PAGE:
Peyton Manning wore gloves during practice in Colorado Friday, and he likely will wear them at Met Life Stadium. (Ed Andrieski / Associated Press)
Jersey City, N.J. — Would Peyton Manning do what Ray Lewis did last year? Would he take his Super Bowl championship ring, should he win it, and ride off into NFL infamy?
He opened the door to that possibility Sunday, and then almost as quickly he seemed to close it.
“I know that there have been a number of players who have walked away as champions,” he said, shortly after he and the Broncos arrived in New Jersey. “I’m sure that it is a great feeling for those people. John Elway. Ray Lewis did it last year, and Michael Strahan.
“In talking to Ray Lewis, and talking to John Elway, they couldn’t play anymore. It was all they had to give. They truly left it all out there.”
Manning is 37 and just two years removed from neck surgery. But, after throwing for 6,107 yards and 59 touchdowns this season, it hardly seems like he only has one more good game left in him.
“I certainly had a career change two years ago with my injury and with changing teams,” he said.
“I’ve been truly on a one-year-at-a-time basis. So, I really have no plans beyond this game. I had no plans, coming into this season, beyond this year. I think that it is the healthy way to approach your career at this stage.”
Here’s the kicker, though. If Manning walked away after the Super Bowl Sunday, he would be leaving $20 million on the table — plus non-guaranteed sums of $19 million in both 2015 and 2016.
“I still enjoy playing football,” he said. “I feel a little better than I thought I would at this point, coming off that surgery. I still enjoy the preparation part of it, the work part of it. Everybody enjoys the games. Everybody is going to be excited to play in a Super Bowl. When you still enjoy the preparation and the work part of it, I think you ought to be still doing that.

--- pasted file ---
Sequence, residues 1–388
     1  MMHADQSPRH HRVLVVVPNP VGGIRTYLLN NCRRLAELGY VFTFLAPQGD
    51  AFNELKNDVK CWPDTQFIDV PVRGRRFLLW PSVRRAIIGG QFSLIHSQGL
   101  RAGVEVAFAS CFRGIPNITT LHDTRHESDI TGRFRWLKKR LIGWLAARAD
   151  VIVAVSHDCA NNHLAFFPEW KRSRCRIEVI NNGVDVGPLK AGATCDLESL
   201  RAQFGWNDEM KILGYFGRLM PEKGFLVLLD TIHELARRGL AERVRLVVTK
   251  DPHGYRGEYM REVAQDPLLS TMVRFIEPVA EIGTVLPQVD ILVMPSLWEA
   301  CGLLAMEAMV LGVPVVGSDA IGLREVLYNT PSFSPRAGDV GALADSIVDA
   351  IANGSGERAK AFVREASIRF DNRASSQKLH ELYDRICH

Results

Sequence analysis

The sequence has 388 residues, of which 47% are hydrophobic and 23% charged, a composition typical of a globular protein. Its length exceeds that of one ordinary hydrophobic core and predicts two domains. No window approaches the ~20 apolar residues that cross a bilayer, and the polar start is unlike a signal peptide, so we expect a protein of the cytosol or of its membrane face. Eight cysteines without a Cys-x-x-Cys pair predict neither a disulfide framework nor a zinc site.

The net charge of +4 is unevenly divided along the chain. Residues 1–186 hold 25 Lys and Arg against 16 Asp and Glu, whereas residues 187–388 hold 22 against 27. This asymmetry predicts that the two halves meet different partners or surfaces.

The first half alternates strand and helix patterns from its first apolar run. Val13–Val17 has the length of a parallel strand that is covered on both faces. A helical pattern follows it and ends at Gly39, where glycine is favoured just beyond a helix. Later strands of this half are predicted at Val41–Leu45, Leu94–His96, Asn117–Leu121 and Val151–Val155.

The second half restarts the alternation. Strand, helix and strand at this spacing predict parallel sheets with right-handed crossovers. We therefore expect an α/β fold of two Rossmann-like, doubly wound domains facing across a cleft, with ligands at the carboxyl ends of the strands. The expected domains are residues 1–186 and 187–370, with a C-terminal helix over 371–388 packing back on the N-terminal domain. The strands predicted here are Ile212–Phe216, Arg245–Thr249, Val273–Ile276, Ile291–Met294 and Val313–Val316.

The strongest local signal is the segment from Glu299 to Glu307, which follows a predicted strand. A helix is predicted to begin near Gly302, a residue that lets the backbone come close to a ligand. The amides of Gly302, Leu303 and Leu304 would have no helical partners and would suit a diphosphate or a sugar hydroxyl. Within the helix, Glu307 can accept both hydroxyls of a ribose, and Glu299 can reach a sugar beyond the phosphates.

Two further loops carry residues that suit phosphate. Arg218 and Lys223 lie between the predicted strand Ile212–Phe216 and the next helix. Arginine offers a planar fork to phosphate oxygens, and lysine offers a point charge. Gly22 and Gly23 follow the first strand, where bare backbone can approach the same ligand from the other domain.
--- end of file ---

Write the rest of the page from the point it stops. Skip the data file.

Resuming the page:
“I think as soon as I stop enjoying it, if I can’t produce, if I can’t help a team, that’s when I will stop playing. If that’s next year, then maybe it is. I certainly want to continue to keep playing.”
Not an economic boon
Will the snowy New York City area really reap an estimated $600 million economic boost from the Super Bowl? Probably not.
Despite such lofty predictions, sports economists say the financial impact of the Super Bowl could fall far below expectations, in part because visitors often spend their cash at NFL-sponsored or corporate events rather than at tourist attractions. Some hotels say Super Bowl bookings are running behind what they hoped for, prompting them to ease demands for minimum stays and room deposits. And academic studies show that at best, past Super Bowls generated tens of millions, not hundreds of millions.
“Move the decimal point one place to the left,” said Robert Baade, a professor at Lake Forest College in Illinois, who has studied the Super Bowl’s impact on local economies.
“The NFL says $500 or $600 million? I think $50 to $60 million would be a generous appraisal of what the Super Bowl generates.”
Gloves fit Manning
Chances are Manning will be like most of the fans in the stands at MetLife Stadium and will wear gloves at the Super Bowl.
That shouldn’t be a cause for concern for Broncos fans. He actually plays better with the sticky-feeling orange-and-gray glove on his right hand than he does barehanded.
Manning never wore a glove in Indianapolis but in his two years in Denver he’s worn one on either his throwing hand or on both hands 13 times. He has a passer rating of 111.9 in those games.
Barehanded, his QB rating is 108.7.
Associated Press contributed